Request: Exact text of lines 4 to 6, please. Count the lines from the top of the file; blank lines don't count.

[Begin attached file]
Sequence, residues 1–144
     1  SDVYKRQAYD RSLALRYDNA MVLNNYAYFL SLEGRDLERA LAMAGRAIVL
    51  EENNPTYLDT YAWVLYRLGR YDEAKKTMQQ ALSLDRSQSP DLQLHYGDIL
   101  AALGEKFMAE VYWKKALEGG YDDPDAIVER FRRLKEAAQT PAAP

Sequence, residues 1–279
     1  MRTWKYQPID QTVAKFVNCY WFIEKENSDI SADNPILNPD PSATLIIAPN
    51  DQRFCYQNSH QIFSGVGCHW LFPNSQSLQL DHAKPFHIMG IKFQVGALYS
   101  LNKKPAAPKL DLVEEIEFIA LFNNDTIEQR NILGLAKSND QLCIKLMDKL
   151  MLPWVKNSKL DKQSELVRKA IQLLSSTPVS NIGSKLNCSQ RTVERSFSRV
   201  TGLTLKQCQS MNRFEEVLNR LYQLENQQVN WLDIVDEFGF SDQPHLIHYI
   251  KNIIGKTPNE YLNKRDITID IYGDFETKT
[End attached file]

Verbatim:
   101  AALGEKFMAE VYWKKALEGG YDDPDAIVER FRRLKEAAQT PAAP

Sequence, residues 1–279
     1  MRTWKYQPID QTVAKFVNCY WFIEKENSDI SADNPILNPD PSATLIIAPN